Silicates are a major component in the Solar System. Consequently, obtaining optical constants (real and imaginary part of the refraction index) in the laboratory has a main relevance to interpret spectral observations and remote sensing data of planetary, asteroid, TNOs' (trans-neptunian objects) surfaces, and comets.
Silicates show strong reddening and darkening of their visible-NIR reflectance spectra, when exposed in the laboratory to ion irradiation or laser ablation, the former simulating solar wind and cosmic ion irradiation, the latter simulating micrometeorite bombardment.
We performed an optical characterization of UV laser ablated silicates (olivine, pyroxene), starting from their reflectance spectra in the 0.3-2.5 micron spectral range (experiments performed at room temperature). The goal was to provide useful tools to model space weathering effects on surfaces of asteroids and TNOs.
UV laser ablation affects the upper layers of the target, because silicates strongly absorb at these wavelengths. Thus, in a reflectance spectrum, both the contributions of the altered and underlying unaltered layers are present; of course the relative amount depends on the optical properties and on the wavelength.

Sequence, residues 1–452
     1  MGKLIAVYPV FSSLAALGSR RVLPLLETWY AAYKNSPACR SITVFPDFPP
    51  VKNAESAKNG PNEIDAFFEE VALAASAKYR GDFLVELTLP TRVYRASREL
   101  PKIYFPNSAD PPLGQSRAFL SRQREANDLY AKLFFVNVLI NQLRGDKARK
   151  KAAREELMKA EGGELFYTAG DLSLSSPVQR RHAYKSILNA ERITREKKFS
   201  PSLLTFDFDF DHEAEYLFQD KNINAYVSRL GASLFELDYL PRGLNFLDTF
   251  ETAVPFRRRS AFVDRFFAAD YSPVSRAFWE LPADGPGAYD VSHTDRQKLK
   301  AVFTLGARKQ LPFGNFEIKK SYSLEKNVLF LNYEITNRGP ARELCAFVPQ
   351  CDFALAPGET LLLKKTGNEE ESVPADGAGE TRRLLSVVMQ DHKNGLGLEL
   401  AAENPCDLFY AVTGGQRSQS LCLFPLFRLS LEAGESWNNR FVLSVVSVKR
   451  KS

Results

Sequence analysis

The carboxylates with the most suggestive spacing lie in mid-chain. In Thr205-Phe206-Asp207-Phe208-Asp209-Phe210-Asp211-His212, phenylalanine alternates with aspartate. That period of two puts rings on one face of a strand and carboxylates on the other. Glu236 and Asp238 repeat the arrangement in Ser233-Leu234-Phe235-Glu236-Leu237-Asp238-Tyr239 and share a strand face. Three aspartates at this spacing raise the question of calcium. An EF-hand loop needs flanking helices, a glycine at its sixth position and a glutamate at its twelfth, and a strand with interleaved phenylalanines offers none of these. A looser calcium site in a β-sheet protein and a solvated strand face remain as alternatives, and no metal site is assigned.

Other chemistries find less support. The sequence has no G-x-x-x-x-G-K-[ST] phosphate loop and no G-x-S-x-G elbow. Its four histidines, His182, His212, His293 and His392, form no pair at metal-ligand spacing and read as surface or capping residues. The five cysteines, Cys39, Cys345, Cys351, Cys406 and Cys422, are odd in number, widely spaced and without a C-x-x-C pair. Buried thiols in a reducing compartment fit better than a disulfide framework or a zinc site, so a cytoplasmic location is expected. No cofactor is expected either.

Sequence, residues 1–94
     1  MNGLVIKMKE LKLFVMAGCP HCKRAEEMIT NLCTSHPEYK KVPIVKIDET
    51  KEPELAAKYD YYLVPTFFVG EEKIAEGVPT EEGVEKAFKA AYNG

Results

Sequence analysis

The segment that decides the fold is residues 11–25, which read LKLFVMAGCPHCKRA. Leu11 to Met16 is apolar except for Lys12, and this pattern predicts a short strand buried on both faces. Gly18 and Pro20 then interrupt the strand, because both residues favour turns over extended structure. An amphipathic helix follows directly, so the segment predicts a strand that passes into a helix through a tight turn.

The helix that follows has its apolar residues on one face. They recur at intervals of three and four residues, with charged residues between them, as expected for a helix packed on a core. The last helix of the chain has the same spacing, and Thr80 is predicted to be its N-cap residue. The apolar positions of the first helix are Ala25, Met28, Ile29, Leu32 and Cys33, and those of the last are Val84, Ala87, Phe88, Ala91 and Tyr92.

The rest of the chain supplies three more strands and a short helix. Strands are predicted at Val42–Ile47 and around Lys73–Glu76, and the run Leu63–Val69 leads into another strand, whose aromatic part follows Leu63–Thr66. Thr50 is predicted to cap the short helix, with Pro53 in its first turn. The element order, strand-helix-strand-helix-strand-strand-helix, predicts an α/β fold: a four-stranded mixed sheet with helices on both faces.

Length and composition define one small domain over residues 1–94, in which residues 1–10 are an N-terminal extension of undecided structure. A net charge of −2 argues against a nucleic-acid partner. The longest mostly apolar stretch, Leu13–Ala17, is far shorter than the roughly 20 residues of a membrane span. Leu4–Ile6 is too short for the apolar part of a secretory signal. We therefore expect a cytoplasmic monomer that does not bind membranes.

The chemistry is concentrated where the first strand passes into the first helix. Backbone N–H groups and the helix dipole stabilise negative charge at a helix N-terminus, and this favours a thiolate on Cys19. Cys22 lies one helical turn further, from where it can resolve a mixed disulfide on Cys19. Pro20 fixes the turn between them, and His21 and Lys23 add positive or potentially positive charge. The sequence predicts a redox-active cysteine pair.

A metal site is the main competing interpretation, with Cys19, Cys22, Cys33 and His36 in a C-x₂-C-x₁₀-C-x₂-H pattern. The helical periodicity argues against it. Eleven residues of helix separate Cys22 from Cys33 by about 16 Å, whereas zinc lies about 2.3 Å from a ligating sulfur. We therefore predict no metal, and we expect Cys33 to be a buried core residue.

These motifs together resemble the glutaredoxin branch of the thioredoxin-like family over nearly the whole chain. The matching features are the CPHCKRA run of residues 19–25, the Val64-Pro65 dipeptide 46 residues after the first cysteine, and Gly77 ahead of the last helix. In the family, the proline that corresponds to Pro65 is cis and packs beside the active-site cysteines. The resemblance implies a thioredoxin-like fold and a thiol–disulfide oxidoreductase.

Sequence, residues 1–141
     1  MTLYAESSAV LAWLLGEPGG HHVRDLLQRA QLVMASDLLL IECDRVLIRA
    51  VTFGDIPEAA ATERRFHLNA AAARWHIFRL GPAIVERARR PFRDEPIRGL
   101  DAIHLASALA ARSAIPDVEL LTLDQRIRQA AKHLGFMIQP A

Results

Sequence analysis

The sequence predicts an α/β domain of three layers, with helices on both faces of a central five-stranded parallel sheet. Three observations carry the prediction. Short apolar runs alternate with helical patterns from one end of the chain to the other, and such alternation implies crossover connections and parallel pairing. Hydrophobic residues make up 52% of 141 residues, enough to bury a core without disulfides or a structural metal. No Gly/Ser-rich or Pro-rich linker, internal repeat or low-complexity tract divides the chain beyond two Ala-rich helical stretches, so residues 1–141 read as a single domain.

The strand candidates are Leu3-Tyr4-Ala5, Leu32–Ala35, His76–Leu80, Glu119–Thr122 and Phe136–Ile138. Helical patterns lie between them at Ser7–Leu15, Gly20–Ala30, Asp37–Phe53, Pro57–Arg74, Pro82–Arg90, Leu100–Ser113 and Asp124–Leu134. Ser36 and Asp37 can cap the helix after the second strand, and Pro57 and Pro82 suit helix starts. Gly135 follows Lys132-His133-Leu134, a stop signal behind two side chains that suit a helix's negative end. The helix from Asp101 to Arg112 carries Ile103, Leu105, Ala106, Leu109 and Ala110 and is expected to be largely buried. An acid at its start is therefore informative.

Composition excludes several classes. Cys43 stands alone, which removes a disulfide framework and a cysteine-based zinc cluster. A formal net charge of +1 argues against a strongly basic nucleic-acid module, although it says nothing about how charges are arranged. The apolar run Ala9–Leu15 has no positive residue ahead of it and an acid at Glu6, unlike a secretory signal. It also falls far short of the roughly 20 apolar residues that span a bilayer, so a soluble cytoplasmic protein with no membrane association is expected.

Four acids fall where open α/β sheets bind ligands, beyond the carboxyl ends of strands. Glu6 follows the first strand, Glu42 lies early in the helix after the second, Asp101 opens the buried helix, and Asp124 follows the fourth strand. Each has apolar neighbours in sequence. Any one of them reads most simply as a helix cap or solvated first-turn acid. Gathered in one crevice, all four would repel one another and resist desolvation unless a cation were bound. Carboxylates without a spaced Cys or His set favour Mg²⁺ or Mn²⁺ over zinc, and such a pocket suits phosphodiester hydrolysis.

Applying the inversion of the Hapke scattering model to spectra of altered samples allows to estimate effective optical constants; these represent an easy and useful tool to characterize a weathered surface in the Solar System, and to check if that surface is compatible with the presence of altered silicates.
The following datafiles include effective optical constants of San Carlos olivine and Bamble orthopyroxene, before and after laser ablation, in the 0.3-2.5 micron range (room temperature).
Data are from: Brunetto et al., 2007. Optical characterization of laser ablated silicates, Icarus, Vol. 191, pp. 381-393. More details can be found in the paper.
Please make reference to Brunetto et al. 2007, Icarus 191, 381, when using these optical constants.